The participants’ blood samples showed changes to a protein called GLUT4, an insulin-activated transporter that brings glucose into cells. The changes made the transporter dysfunctional, which the authors interpreted as a sign of insulin resistance.
This study had some significant limitations: it was small, had no control group, and didn’t determine which came first, insulin resistance or oxidative stress. Other studies, however, have suggested that oxidative stress triggers insulin resistance down the line, which led the authors of this study to argue that oxidative stress was probably the “initial event” predating the development of metabolic issues.
What can you do about ROS?
Accumulating ROS and oxidative stress aren’t inevitable. There are two primary strategies for controlling ROS: upping the level of antioxidants in your system (by turning on the body’s antioxidant-making pathways or getting them through food) and avoiding triggers for more ROS production, like smoking or excessive air pollution.
Keep in mind there’s no way to totally sidestep the process of producing ROS, and it wouldn’t be a great idea to do so because ROS at balanced levels are part of a natural and healthy functioning cell.
Stoking the body’s “master regulator” of antioxidants
Antioxidants are enzymes and molecules with the power to “scavenge”—seek out and neutralize other molecules that may cause harmful reactions. They can also bind to certain metals (that promote ROS formation) or act as cellular repair crews that clean up ROS-related damage.
Some antioxidants are formed through certain pathways within cells. Their so-called “master regulator” is the Nrf2 pathway, which is a chain of events that tells the body to switch “on” specific protective genes. Those genes, in turn, are translated into antioxidants that can detoxify and eliminate ROS. Eating certain foods can activate the Nrf2 pathway.
Some scientists have proposed that sulforaphane, a chemical found in broccoli, arugula, bok choy, kale, brussels sprouts, and other green vegetables, can help set the Nrf2 pathway into motion. Animal studies suggest that this nutrient can reduce oxidative stress and may be protective against certain diabetes complications, but this research is still ongoing. Curcumin, which is found in turmeric, has also been shown to be an Nrf2 activator.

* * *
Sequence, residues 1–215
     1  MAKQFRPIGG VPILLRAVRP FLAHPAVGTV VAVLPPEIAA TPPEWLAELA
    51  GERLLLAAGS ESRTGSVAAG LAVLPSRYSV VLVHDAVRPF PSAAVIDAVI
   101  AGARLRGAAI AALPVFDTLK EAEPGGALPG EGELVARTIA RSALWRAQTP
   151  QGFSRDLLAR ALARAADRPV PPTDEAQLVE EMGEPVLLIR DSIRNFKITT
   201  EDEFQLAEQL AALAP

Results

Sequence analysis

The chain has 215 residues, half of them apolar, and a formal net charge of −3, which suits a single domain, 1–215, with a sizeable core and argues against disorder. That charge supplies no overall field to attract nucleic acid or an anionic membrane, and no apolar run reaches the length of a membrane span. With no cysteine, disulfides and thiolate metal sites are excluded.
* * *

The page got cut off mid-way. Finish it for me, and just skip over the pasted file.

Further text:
Research suggests that a group of compounds called alkyl-catechols, which are found in fermented foods, may also activate this master pathway. As one 2016 paper explains, these three compounds (4-vinylcatechol, 4-ethylcatechol, and 4-methylcatechol) were once prevalent in ancient diets. Today’s western diets, the study notes, often lack these compounds. But early evidence suggests that fermented foods still around today, like kimchi, can activate this pathway and stimulate the antioxidant defense system.
Certain foods may also stoke the body’s ability to produce specific antioxidants. One of the primary antioxidants produced by the body is glutathione, a potent antioxidant that can bind up ROS and may help repair DNA. One 2019 paper suggested that foods like green tea, lean proteins, salmon, cruciferous vegetables, and turmeric may support glutathione production.
Some studies indicate that sulfur-rich foods support glutathione production because a vital part of the molecule itself is sulfur. Some sulfuric foods proposed to help support glutathione production include asparagus, avocado, cucumber, green beans, spinach, cruciferous vegetables, as well as alliums like onions or garlic.
So-called dietary antioxidants aren’t made by the body but can have similar effects when consumed in food. They’re especially plentiful in fruits and vegetables. Vitamin C, vitamin E, carotenoids (found in yellow and orange vegetables like squash and carrots), and polyphenols (found in berries, kiwis, plums, cherries, and apples) are some examples of dietary antioxidants.